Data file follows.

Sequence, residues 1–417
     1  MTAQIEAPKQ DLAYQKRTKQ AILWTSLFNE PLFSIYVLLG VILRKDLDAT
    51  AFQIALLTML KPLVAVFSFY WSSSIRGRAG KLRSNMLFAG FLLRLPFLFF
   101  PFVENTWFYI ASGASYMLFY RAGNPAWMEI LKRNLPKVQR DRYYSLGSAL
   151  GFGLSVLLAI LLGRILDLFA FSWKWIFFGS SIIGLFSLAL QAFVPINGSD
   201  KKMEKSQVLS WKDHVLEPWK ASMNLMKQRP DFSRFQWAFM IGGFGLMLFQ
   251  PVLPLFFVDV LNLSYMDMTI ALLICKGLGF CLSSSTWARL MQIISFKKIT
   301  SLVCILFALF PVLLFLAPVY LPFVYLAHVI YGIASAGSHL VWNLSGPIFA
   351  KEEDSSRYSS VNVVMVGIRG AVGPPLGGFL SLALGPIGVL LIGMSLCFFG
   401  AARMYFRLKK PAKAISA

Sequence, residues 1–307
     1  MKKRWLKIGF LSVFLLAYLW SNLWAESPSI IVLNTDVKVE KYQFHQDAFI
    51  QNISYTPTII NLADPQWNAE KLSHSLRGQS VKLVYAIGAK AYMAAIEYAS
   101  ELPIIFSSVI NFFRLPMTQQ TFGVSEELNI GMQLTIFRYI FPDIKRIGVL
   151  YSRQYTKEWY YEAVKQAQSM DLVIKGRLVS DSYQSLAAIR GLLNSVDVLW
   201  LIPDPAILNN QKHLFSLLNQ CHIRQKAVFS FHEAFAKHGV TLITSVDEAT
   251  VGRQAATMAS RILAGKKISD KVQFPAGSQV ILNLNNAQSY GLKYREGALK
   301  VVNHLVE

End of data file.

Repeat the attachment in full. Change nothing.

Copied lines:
Sequence, residues 1–417
     1  MTAQIEAPKQ DLAYQKRTKQ AILWTSLFNE PLFSIYVLLG VILRKDLDAT
    51  AFQIALLTML KPLVAVFSFY WSSSIRGRAG KLRSNMLFAG FLLRLPFLFF
   101  PFVENTWFYI ASGASYMLFY RAGNPAWMEI LKRNLPKVQR DRYYSLGSAL
   151  GFGLSVLLAI LLGRILDLFA FSWKWIFFGS SIIGLFSLAL QAFVPINGSD
   201  KKMEKSQVLS WKDHVLEPWK ASMNLMKQRP DFSRFQWAFM IGGFGLMLFQ
   251  PVLPLFFVDV LNLSYMDMTI ALLICKGLGF CLSSSTWARL MQIISFKKIT
   301  SLVCILFALF PVLLFLAPVY LPFVYLAHVI YGIASAGSHL VWNLSGPIFA
   351  KEEDSSRYSS VNVVMVGIRG AVGPPLGGFL SLALGPIGVL LIGMSLCFFG
   401  AARMYFRLKK PAKAISA

Sequence, residues 1–307
     1  MKKRWLKIGF LSVFLLAYLW SNLWAESPSI IVLNTDVKVE KYQFHQDAFI
    51  QNISYTPTII NLADPQWNAE KLSHSLRGQS VKLVYAIGAK AYMAAIEYAS
   101  ELPIIFSSVI NFFRLPMTQQ TFGVSEELNI GMQLTIFRYI FPDIKRIGVL
   151  YSRQYTKEWY YEAVKQAQSM DLVIKGRLVS DSYQSLAAIR GLLNSVDVLW
   201  LIPDPAILNN QKHLFSLLNQ CHIRQKAVFS FHEAFAKHGV TLITSVDEAT
   251  VGRQAATMAS RILAGKKISD KVQFPAGSQV ILNLNNAQSY GLKYREGALK
   301  VVNHLVE